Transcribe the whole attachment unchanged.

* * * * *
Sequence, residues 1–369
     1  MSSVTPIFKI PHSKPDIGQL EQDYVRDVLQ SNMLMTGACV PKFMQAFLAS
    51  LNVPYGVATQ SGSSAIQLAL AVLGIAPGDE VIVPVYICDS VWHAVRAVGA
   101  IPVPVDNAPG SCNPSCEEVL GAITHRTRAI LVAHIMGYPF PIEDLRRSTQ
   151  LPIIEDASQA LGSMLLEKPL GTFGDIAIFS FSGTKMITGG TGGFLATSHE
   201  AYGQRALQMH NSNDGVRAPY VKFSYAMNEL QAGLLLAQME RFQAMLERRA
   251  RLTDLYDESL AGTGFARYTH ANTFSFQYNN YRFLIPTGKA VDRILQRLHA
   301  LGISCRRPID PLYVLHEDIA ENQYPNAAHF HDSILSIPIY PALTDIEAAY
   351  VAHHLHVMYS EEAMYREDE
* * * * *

Sequence, residues 1–369
     1  MSSVTPIFKI PHSKPDIGQL EQDYVRDVLQ SNMLMTGACV PKFMQAFLAS
    51  LNVPYGVATQ SGSSAIQLAL AVLGIAPGDE VIVPVYICDS VWHAVRAVGA
   101  IPVPVDNAPG SCNPSCEEVL GAITHRTRAI LVAHIMGYPF PIEDLRRSTQ
   151  LPIIEDASQA LGSMLLEKPL GTFGDIAIFS FSGTKMITGG TGGFLATSHE
   201  AYGQRALQMH NSNDGVRAPY VKFSYAMNEL QAGLLLAQME RFQAMLERRA
   251  RLTDLYDESL AGTGFARYTH ANTFSFQYNN YRFLIPTGKA VDRILQRLHA
   301  LGISCRRPID PLYVLHEDIA ENQYPNAAHF HDSILSIPIY PALTDIEAAY
   351  VAHHLHVMYS EEAMYREDE